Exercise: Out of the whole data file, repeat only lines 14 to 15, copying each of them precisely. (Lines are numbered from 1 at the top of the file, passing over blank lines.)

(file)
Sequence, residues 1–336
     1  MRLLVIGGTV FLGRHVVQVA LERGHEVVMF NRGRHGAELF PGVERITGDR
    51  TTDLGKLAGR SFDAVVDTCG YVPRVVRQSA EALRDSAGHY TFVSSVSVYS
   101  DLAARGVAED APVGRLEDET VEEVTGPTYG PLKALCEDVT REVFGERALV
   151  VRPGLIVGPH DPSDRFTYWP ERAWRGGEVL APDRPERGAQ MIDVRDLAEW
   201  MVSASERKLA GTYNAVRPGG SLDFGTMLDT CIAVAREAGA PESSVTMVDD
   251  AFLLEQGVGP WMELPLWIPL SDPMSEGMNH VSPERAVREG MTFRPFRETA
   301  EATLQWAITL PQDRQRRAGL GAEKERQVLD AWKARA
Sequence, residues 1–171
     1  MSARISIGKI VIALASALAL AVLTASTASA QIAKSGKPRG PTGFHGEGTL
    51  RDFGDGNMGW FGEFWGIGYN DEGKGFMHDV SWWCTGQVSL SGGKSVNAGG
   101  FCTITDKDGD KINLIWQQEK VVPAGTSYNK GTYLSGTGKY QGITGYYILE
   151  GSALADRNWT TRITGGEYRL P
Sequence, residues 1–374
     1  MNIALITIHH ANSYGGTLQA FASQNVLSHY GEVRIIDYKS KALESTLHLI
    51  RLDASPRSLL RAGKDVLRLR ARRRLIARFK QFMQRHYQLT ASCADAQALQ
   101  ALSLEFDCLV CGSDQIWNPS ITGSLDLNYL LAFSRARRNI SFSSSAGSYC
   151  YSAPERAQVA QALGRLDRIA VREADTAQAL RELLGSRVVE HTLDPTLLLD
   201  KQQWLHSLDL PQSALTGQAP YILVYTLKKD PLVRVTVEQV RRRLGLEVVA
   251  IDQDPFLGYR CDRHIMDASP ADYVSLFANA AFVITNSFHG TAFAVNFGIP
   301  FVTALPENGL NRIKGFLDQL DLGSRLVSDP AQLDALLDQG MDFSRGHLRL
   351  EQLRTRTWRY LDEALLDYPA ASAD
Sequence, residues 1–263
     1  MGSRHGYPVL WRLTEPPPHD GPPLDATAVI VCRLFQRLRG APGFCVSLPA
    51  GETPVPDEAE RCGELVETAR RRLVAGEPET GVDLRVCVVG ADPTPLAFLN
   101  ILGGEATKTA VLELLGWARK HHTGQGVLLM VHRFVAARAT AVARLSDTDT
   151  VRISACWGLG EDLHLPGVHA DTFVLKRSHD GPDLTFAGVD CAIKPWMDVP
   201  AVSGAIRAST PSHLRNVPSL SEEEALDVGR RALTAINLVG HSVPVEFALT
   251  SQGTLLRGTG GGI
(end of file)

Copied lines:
Sequence, residues 1–374
     1  MNIALITIHH ANSYGGTLQA FASQNVLSHY GEVRIIDYKS KALESTLHLI